“The technical difficulty of such a project is the length of the tunnel”, says Joerg Gelz, project manager at Weiss-Electronic. “It is 17 km long and has just one tube for both directions. To conform to the security requirement, we have to adjust the traffic so that there are no more than 150 lorries per direction per hour, and not more than 1,000 car units per direction per hour (one lorry equals three car units, one bus equals two car units, and one car equals one car unit). In case of fire, the tunnel has to be closed in less than 10 seconds. This means that each light and each display panel has to display the right emergency message at the right place.”
The road-control installation allocates vehicles to lanes of the tunnel’s gateway, which can be closed when passage through the tunnel is impossible. Systematic metering of vehicles allows only a safe number of vehicles into the tunnel simultaneously. Also, by means of a so-called “drop control,” trucks can be singled out to avoid bunching in the 17 km long tunnel tube. This capability is especially important to prevent the spreading of flames in case of fire. The necessary signal switching occurs automatically if there is a problem, such as fire, CO concentration too high, or if stopped vehicles are detected.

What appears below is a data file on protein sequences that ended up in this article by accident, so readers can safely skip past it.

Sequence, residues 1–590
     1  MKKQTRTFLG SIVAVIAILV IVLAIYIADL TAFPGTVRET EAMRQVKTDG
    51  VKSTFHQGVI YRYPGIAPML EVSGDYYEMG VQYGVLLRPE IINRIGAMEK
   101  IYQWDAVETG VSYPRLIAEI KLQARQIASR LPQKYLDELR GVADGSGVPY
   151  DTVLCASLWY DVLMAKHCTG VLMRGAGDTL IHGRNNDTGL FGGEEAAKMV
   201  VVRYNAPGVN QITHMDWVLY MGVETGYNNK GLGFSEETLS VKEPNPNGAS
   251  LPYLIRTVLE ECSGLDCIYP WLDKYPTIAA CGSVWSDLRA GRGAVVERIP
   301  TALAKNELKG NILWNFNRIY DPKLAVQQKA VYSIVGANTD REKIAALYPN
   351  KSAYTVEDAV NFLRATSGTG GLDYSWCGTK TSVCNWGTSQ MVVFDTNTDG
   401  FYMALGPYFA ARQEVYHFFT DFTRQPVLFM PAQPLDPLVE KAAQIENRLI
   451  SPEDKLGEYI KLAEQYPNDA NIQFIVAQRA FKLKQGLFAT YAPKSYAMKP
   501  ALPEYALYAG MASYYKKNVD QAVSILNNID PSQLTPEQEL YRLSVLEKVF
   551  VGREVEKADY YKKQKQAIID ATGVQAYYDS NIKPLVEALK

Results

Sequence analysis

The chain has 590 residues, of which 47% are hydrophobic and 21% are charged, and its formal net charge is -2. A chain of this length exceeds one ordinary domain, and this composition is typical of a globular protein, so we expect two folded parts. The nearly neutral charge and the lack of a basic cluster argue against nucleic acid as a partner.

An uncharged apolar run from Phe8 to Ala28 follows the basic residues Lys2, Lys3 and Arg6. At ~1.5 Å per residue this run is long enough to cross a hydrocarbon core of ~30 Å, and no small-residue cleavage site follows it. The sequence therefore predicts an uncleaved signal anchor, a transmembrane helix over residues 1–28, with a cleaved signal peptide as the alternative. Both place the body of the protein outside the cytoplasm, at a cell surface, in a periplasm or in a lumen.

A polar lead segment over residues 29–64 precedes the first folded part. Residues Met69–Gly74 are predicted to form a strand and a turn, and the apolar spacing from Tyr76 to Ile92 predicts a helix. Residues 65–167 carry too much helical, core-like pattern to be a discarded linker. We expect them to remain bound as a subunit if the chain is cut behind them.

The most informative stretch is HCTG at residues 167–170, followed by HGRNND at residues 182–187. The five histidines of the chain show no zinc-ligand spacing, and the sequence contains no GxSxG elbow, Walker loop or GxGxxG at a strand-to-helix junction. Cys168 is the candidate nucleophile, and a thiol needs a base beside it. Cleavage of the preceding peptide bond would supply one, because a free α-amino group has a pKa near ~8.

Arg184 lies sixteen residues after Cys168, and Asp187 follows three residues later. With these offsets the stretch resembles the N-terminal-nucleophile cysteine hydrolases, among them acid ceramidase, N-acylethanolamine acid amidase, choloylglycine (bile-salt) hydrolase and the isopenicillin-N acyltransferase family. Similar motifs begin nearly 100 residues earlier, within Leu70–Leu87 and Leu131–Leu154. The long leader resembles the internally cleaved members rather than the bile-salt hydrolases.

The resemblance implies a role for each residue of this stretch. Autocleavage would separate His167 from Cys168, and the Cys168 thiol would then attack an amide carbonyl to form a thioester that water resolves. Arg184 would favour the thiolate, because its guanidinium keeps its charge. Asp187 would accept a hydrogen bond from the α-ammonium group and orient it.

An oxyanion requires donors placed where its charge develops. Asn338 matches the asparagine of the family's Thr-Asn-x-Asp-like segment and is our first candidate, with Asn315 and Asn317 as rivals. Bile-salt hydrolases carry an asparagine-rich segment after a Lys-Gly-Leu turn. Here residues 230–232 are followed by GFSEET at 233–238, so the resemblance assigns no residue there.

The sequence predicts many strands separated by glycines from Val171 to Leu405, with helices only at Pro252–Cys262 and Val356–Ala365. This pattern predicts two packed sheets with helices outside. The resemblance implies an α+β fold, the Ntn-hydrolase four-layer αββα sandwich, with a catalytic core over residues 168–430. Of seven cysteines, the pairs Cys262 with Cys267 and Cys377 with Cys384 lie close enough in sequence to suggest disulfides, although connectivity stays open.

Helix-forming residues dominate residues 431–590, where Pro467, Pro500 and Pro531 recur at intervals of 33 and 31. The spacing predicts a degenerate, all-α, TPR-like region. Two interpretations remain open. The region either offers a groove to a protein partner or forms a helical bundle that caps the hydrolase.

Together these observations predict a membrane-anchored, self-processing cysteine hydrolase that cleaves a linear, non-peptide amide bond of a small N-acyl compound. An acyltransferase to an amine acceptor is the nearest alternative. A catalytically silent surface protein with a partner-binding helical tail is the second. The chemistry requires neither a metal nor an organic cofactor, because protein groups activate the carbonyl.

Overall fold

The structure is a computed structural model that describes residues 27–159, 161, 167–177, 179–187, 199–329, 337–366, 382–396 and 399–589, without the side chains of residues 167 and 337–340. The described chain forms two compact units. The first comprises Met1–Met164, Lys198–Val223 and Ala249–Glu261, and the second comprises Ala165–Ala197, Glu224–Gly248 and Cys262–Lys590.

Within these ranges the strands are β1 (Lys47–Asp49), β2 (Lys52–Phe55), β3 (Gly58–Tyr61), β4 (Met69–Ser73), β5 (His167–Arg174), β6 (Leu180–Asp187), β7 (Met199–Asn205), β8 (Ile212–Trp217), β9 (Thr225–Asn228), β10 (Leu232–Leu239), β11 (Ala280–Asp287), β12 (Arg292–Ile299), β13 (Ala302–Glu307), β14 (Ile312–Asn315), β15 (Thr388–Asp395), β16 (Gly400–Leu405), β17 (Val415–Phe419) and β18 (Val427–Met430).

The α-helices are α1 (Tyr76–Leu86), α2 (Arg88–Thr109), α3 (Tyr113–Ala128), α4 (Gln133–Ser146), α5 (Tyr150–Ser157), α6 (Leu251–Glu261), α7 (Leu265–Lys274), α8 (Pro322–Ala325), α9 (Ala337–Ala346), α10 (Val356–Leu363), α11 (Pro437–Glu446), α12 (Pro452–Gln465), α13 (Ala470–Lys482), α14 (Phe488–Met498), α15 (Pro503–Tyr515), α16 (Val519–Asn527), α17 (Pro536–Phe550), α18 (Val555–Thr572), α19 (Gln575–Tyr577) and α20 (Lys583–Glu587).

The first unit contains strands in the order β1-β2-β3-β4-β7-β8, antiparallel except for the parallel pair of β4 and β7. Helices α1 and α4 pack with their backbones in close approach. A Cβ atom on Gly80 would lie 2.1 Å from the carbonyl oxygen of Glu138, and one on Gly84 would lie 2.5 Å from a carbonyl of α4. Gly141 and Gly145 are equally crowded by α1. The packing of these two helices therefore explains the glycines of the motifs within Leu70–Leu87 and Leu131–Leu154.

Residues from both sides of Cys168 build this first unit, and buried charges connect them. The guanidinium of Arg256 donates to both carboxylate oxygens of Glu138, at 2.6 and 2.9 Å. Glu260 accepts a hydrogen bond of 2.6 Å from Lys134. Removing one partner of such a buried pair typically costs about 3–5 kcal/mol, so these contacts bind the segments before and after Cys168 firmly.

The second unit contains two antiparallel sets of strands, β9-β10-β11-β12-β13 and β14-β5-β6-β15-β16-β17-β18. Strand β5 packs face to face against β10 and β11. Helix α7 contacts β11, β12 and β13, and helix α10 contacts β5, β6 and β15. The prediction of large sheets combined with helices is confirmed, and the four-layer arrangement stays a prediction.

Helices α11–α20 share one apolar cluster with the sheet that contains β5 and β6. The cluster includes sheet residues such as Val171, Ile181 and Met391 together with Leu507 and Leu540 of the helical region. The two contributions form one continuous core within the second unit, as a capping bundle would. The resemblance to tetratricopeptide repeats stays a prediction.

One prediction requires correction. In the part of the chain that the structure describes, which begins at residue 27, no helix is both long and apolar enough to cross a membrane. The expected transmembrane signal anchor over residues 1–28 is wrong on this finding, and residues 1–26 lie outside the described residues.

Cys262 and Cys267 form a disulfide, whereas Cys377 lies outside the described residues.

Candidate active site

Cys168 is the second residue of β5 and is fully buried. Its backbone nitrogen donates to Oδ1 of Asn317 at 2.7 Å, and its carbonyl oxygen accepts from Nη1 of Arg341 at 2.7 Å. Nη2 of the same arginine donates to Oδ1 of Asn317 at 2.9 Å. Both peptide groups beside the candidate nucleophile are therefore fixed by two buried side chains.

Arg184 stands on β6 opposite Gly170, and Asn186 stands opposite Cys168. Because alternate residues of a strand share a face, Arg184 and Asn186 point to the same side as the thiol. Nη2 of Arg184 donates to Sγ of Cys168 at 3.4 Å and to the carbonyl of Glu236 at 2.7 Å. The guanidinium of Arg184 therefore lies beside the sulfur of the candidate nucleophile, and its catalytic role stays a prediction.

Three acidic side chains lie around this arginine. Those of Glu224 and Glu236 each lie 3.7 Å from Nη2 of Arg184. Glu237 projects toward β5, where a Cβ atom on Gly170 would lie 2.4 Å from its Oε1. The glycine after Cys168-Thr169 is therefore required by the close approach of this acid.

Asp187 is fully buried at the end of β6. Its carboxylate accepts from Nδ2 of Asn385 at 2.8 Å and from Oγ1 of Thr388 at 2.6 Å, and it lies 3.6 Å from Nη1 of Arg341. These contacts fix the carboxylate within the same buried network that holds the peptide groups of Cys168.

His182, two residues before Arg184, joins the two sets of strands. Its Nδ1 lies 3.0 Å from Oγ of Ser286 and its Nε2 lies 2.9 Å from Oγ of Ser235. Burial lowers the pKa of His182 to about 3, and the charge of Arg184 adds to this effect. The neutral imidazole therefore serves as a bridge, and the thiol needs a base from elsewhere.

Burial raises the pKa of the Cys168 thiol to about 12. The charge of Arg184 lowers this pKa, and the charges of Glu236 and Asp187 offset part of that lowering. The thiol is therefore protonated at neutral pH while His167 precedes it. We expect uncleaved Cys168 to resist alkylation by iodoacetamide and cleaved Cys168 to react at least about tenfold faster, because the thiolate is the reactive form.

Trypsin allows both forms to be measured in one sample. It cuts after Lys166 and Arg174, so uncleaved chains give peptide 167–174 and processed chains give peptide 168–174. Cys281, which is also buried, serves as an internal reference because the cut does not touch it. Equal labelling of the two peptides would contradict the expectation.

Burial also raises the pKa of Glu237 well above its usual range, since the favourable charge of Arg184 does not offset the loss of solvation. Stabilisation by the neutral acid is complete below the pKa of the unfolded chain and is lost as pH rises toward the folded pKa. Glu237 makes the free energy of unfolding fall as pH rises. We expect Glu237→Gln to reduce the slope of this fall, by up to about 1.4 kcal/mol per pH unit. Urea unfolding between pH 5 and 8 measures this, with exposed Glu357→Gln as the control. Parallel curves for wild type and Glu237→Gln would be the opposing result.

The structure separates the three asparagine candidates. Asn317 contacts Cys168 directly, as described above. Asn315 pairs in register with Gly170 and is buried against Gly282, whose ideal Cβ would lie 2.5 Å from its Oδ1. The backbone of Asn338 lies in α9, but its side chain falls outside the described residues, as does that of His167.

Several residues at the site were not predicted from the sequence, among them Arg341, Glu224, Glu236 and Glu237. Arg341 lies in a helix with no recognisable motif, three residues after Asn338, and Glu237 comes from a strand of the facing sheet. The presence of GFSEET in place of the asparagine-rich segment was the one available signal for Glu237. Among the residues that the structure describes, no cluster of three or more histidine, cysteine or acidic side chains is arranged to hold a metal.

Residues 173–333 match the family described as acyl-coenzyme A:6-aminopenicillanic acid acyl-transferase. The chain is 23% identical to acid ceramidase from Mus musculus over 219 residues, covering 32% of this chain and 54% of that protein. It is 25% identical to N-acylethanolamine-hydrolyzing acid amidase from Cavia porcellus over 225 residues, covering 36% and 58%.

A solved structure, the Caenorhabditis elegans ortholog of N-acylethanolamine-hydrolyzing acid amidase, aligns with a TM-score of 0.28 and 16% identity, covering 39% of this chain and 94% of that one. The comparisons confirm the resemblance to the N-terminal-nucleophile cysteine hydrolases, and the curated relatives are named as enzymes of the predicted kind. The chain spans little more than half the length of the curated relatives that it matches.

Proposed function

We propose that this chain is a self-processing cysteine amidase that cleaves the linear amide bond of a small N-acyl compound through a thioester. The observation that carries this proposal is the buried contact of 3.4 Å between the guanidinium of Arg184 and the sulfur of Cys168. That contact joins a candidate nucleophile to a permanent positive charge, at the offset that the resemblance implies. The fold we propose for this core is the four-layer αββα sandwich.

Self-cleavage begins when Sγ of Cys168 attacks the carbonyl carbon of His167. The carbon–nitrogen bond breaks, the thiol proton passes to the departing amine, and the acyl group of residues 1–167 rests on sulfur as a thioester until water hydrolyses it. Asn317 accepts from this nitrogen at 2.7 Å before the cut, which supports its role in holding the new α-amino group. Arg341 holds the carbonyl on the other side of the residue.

The entire data management network is based on redundancy rings. Stations are organised in 3 km redundancy rings. Thus, the system can still be controlled in the event of a defective cable or device failure. All data from the lights or speed display panels is transmitted to the control system through Westermo’s LD-64 RS-485 fiber-optic modems. Each of the 68 stations has two LD-64 units—one for the normal bus and one for an emergency bus for alarm signal transmission in case of an optical link failure.
There are also 10 server units, each composed of two redundant servers. One is active and one is passive. In case of trouble, the active becomes passive and the passive changes to active. The head server is also redundant.